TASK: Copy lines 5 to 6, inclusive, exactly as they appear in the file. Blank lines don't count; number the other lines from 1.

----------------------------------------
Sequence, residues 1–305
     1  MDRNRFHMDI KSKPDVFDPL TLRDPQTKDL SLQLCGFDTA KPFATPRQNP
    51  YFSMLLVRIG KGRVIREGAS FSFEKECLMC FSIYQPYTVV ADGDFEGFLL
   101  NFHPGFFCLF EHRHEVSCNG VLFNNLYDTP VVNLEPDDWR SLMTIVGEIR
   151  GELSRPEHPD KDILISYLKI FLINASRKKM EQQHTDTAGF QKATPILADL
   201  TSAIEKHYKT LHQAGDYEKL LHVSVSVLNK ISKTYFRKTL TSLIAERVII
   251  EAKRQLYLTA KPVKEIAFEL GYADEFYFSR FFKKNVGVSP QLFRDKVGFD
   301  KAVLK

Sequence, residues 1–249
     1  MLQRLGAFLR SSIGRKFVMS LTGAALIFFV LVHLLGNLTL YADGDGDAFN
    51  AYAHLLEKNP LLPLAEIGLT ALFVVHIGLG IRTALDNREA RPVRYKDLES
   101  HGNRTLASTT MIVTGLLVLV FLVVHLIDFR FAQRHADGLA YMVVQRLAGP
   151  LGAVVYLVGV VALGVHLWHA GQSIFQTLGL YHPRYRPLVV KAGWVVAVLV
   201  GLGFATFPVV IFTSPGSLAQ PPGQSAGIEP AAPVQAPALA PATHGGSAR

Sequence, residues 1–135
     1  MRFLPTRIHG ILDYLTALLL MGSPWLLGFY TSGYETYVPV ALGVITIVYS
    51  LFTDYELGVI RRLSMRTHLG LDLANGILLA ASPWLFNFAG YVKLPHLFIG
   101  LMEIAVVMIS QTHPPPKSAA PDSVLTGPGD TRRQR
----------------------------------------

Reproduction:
   151  GELSRPEHPD KDILISYLKI FLINASRKKM EQQHTDTAGF QKATPILADL
   201  TSAIEKHYKT LHQAGDYEKL LHVSVSVLNK ISKTYFRKTL TSLIAERVII